The number of tombstones returned in a particular query can be found by running the query in cqlsh with tracing enabled.
Statistics for the number of tombstones encountered recently in each table are available in the output from `nodetool cfstats`.
For clusters in our managed service, statistics for recently encountered tombstones are available on the cluster page in Metrics Lists > Table Info. This includes live cells per read and average and max tombstones per read, broken down by node or table for a given time period.
More detailed information on stored tombstones can be found using ic-tools.
How can I avoid tombstone issues?
The following options can help:
Avoid queries that will run on all partitions in the table (eg queries with no WHERE clause, or any query that requires ALLOW FILTERING).
Alter range queries to avoid querying deleted data, or operate on a narrower range of data. Performance problems only occur if the tombstones are read, and scale with the number of tombstones read.
Design the data model to avoid deleting large amounts of data.
If planning to delete all the data in a table, truncate or drop the table to remove all the data without generating tombstones.
Use a default time-to-live value. This only works efficiently if the primary key of your data is time-based, your data is written in chronological order, and the data will be deleted at a known date. To do this, set a default TTL in the table-level options, and set a time-based compaction strategy (TimeWindowCompactionStrategy if available, DateTieredCompactionStrategy otherwise). This will still create tombstones, but whole sstables will be efficiently dropped once the TTL on all of their contents have passed.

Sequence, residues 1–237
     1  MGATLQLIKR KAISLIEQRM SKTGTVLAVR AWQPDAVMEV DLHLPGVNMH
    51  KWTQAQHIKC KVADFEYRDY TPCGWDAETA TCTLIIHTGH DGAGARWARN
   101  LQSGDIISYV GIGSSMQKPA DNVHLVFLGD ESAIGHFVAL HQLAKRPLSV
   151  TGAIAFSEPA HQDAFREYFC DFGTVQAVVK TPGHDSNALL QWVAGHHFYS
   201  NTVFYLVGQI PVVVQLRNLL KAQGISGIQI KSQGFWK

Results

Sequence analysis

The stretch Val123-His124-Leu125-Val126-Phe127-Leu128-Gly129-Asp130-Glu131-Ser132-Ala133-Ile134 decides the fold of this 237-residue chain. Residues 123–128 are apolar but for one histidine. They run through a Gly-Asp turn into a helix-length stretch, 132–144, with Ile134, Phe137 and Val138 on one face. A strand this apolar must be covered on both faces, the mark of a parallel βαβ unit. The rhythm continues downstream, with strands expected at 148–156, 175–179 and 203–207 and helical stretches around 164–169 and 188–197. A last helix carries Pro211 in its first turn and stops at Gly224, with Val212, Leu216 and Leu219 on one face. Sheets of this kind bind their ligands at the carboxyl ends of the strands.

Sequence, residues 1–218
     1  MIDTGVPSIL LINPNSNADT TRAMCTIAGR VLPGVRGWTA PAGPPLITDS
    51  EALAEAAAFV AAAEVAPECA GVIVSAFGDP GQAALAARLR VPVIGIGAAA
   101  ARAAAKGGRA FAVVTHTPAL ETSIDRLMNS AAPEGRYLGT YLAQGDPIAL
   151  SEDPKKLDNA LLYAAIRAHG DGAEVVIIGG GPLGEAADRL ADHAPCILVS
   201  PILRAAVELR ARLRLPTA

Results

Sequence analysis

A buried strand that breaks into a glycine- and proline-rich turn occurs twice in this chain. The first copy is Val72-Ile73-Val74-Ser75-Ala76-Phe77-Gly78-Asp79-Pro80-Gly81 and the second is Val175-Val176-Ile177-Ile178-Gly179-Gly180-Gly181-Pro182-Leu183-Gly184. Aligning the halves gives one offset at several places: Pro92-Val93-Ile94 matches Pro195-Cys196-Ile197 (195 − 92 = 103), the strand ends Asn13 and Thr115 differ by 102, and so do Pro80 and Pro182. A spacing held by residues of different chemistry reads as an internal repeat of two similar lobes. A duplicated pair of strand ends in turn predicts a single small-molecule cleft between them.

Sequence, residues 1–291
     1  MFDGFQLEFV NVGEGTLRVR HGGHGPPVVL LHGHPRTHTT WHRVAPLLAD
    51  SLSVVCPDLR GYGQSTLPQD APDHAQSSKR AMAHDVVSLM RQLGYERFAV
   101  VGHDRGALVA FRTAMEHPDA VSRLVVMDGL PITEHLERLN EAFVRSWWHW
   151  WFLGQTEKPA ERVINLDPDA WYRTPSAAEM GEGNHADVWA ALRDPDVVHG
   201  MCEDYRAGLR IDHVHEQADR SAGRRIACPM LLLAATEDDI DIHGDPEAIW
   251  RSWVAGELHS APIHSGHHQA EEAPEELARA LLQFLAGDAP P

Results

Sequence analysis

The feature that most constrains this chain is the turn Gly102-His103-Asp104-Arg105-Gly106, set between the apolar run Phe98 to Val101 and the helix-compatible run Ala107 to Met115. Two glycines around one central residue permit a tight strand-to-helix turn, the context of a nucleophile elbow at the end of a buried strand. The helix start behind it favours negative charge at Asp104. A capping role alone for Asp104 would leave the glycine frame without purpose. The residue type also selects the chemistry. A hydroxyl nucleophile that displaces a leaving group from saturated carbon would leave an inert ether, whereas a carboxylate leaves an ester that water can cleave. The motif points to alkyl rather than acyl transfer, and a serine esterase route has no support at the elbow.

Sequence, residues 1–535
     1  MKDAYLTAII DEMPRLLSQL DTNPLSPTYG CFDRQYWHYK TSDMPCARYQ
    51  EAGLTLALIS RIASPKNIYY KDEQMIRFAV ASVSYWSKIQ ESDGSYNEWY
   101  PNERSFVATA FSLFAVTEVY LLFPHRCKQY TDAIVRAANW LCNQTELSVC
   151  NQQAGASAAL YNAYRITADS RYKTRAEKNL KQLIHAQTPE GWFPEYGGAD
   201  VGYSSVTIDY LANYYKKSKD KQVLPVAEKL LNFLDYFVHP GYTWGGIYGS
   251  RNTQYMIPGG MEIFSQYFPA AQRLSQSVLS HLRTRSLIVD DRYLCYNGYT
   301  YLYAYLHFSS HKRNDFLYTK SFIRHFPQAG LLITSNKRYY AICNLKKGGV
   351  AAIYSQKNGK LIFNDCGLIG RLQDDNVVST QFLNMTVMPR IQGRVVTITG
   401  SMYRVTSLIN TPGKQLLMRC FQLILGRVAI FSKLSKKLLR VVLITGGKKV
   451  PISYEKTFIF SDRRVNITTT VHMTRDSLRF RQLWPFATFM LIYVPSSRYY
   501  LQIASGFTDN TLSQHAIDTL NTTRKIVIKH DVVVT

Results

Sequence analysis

How can I get rid of existing tombstones?
Under most circumstances, the best approach is to wait for the tombstone to compact away normally. If urgent performance or disk usage issues require more immediate action, there are two nodetool commands that can be used to force compactions, which can assist in dropping tombstones. These should be considered a last resort – in a healthy cluster with a well-designed data model, it is not necessary to run manual compactions.
Running `nodetool compact` forces a compaction of all sstables. This requires a large amount of free disk space. Keyspace and table arguments should be used to limit the compaction to the tables where tombstones are a problem. On tables where Size-Tiered Compaction Strategy is used, this command can lead to the creation of one enormous sstable that will never have peers to compact with; if the `–split-output` flag is available, it should be used.